Unemployment could remain as high as 9 percent through 2021, the C.B.O. says.
The Congressional Budget Office said on Thursday that it expected unemployment to top 10 percent for the second quarter of 2020 and the economy to contract by 7 percent as the coronavirus takes a toll on economic activity in the United States.
In a blog post on Thursday, the director of the budget office, Phillip Swagel, wrote the decline “could be much larger” and that the virus had made any economic forecasts highly uncertain.
Mr. Swagel said the unemployment rate could have reached 12 percent if not for the expected effects of the $2.2 trillion economic rescue package that President Trump signed last week.
More ominously, the office does not expect a quick return to rapid economic growth later this year. Instead, Mr. Swagel wrote that its analysts “expected the effects of job losses and business closures to be felt for some time” with the unemployment rate remaining at 9 percent by the end of 2021.
Tesla sales jumped in the first quarter compared with a year earlier.
The electric car company Tesla said on Thursday that its deliveries jumped 40 percent in the first quarter to 88,400 compared with the same period a year earlier, helped by a new plant in China and expansion into new markets. Deliveries were down 21 percent from the fourth quarter, which is typically the best three-month period for auto sales.
The company said production increased by about 33 percent to 102,672 cars, compared with a year earlier. The company exceeded analysts’ forecasts, and its stock jumped about 10 percent in extended trading, to about $508.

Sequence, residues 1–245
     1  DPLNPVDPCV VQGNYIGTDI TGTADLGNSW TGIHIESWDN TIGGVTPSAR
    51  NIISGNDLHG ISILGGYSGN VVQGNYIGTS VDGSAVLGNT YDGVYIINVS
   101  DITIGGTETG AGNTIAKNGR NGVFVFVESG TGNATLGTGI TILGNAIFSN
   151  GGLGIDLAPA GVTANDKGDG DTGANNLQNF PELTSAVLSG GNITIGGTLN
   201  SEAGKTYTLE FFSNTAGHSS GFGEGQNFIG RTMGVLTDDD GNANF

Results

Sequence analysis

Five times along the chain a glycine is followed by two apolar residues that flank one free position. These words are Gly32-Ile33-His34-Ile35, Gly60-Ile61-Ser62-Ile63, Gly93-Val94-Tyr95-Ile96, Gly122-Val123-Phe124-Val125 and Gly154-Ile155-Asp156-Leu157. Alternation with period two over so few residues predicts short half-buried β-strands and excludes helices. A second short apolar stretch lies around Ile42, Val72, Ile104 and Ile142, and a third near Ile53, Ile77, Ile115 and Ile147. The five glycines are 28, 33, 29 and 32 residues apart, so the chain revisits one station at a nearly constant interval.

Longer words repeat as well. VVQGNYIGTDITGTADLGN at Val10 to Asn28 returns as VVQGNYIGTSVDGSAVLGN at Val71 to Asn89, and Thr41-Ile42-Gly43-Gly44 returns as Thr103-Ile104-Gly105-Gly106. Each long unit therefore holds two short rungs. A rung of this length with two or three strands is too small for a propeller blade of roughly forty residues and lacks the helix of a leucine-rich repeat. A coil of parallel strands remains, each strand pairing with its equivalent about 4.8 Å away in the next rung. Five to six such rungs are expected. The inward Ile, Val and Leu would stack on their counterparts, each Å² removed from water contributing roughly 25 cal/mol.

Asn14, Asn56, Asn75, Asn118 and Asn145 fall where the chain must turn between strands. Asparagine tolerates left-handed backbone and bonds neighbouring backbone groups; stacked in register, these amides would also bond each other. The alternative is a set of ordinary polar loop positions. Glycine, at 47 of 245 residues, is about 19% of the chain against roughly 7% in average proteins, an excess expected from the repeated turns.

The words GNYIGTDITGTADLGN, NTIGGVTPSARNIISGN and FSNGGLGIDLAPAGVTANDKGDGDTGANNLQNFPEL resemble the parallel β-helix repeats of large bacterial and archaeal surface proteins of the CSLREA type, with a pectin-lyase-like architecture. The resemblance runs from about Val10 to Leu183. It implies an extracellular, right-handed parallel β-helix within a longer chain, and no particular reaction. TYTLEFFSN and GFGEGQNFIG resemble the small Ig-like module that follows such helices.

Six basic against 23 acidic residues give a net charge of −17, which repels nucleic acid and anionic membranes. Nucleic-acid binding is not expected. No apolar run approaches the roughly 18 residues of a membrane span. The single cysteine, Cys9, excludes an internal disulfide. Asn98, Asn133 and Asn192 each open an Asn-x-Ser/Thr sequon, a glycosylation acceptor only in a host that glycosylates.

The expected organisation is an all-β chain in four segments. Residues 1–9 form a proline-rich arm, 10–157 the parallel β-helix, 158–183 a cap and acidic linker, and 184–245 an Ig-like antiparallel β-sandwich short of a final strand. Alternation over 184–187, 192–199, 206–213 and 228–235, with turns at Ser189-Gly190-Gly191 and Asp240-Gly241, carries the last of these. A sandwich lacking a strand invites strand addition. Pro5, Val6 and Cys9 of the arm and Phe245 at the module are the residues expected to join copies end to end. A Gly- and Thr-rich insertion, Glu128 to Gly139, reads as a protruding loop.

Tesla provided no information about what impact the coronavirus pandemic had on its operation in the first quarter. The company temporarily suspended production at its factory in Fremont, Calif., last month but has resumed making cars at a plant in Shanghai that opened late last year.
The company said in a blog post on Thursday that temperature checks, which it began at certain facilities last Sunday, were likely to be put in place across all of its U.S. and European facilities and Whole Foods stores by early next week, and that it was already checking the temperatures of more than 100,000 workers each day. Anyone with a fever of more than 100.4 degrees is sent home and asked to stay home until they are free of fever for three days, the company said.